Enabled agency circumscribed
By attention to place
Until outstripped by white desire
Outlawed by silver and gold

A flint eyed miner made twitchy
By the fossil exchange
Might say the floating hoard
Is given up freely
If shells were money
After fire and flood
Beachcombers could be wolves
So I tell no one

- © Ed Southorn 2022

Ed Southorn lives at Bermagui, a small coastal town in New South Wales. His recent poetry, essay and memoir are in Cordite Poetry Review, Meniscus, Blackbox Manifold, Ekphrastic Review, The Blue Nib, Axon: Creative Explorations and The Journal of Wild Culture. His PhD in sociology and narrative journalism explores contested space.   


Monday, July 04, 2022

New Poetry by Jeffrey Dreiblatt

January 1, 2019
- after Jericho Brown

Life awkwardly packed in a wheeled suitcase.
Unwritten letters wait for a new year.

Written, yet unread letters for the new year.
Waking from fever turns water to a gift.

Bickering angels bring water as their gift.
Lovers’ kisses trapped beneath foreign stamps.

Devotion arrives sealed beneath a stamp.
Fortune interrupts when tradition dances.

Fortune and I dance outside of tradition.
To reach India takes days and 58 years.

A voice so soft, I wear him all of my years.
New year begins by the river Kaveri.

Ananth, returned, to the river Kaveri.
A life awkwardly packed in a wheeled suitcase.

- © Jeffrey Dreiblatt 2022

Jeffrey Dreiblatt is a poety, visual artist and volunteer firefighter. His work has appeared in The Dillydoun Review, Bindweed and forthcoming in Cathexis Northwest Press. He lives in Copake and Brooklyn, New York, USA.

Saturday, July 02, 2022

New Poetry by Joan Leotta

Appetite for Mulberries 

Our guide, Hassan, hurried us off the
Bus into the factory
to initiate our tour
“Turkish Silk Carpets
from Start to Finish.”
Hung on hallway walls,
photographs showed
tightly wound, doll-sized
tennis balls, resting on
mulberry leaves. Hassan
explained, “Those are  
silkworm larvae cocoons.
They are happy to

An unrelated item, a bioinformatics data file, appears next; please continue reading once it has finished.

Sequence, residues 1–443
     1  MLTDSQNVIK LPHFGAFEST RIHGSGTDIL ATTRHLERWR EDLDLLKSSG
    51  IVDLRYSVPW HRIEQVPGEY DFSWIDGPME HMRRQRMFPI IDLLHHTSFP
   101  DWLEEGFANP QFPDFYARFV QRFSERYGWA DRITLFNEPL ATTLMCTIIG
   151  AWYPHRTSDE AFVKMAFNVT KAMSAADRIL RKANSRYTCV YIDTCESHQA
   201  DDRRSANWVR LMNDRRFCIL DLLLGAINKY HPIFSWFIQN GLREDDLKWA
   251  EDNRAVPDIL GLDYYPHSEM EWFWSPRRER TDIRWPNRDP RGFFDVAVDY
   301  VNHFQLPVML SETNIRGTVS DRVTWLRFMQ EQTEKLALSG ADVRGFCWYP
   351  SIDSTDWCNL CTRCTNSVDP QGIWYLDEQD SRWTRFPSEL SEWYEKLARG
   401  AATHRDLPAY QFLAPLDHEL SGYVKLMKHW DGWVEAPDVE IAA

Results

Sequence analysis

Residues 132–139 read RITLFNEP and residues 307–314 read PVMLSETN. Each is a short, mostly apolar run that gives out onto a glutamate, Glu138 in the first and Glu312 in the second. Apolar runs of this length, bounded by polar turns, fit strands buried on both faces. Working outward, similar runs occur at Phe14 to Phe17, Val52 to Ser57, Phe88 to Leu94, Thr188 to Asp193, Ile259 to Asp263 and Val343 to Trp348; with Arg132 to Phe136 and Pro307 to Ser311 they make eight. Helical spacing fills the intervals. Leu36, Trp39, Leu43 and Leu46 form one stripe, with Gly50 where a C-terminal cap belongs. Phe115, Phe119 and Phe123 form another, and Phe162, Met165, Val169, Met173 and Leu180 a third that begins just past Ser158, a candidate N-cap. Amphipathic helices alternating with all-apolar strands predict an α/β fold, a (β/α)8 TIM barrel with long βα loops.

stay and spin on their
favorite food,
mulberry leaves.”
In the next room
large photos
displayed their fate:
cocoons being dipped
into boiling water,
hands discarding those
boiled larvae once alive within,
slim fingers unraveling cocoons
into skeins of silk thread.
In the next room
behind glass windows
we observed real women
spinning, dying silk,
weaving threads into intricate designs.

At our last stop
towers of silk rugs
rose up from polished wood floors.
Salespeople circled like moths.
“Once only for the Pasha, now for you,”
Hassan whispered into his mic.
But all I could see was worms, larvae
whose last days were spent
feasting on their favored food
in ignorance of what was to come,
blinded to their fate by
their great appetite for mulberries.

- © Joan Leotta 2022

Joan Leotta, of Calabash, NC, plays with words on page and stage. In addition to her ten published books, her varied writings have appeared or are forthcoming, in Ekphrastic Review, Pinesong,, Brass Bell, Verse Visual, anti-heroin chic, Silver Birch, Ovunquesiamo, Verse Virtual, Poetry in Plain Sight, and others. She is a 2021 Pushcart nominee and  received Best of Micro Fiction in 2021. In early  2022, she was named a runner up in the Frost Foundation Poetry Competition. Her chapbook, Feathers to Stone , which includes the poem, Sycamore Roots, is scheduled for publication at the end of 2022 from Main Street Rag. She performs tales featuring food, family, nature, and strong women. 

New Poetry by Chris Wood

For Better or Worse

I fight for the covers all night.
He tosses and turns, twists 
the electric blanket around his body,
unplugs it and freezes me out.

His moans, cries to the Lord 
break my heart. I lay my hands
on him, plead with God, asking
for relief. The dogs circle
and pace the bed, keep vigil
as he writhes in pain, whimpers.

Sleep eludes him, wakes me 
at midnight. At one. At two. At three, 
I follow the pups to the back door, 
let them escape the misery he suffers.

Morning light bathes his body, naked.
I lay mine against his, willing 
my good health into him. I want
to take his pain, carry it for him
and release it into yesterday. 

- © Chris Wood 2022

Chris Wood resides in Tennessee with her husband and several fur babies. She works as a lease maintenance manager for a real estate management company, and is a member of the Chattanooga Writers' Guild, where she currently serves as their treasurer. Her work has appeared in several journals and publications, including Poetry Quarterly, Haiku Journal, and Quill and Parchment.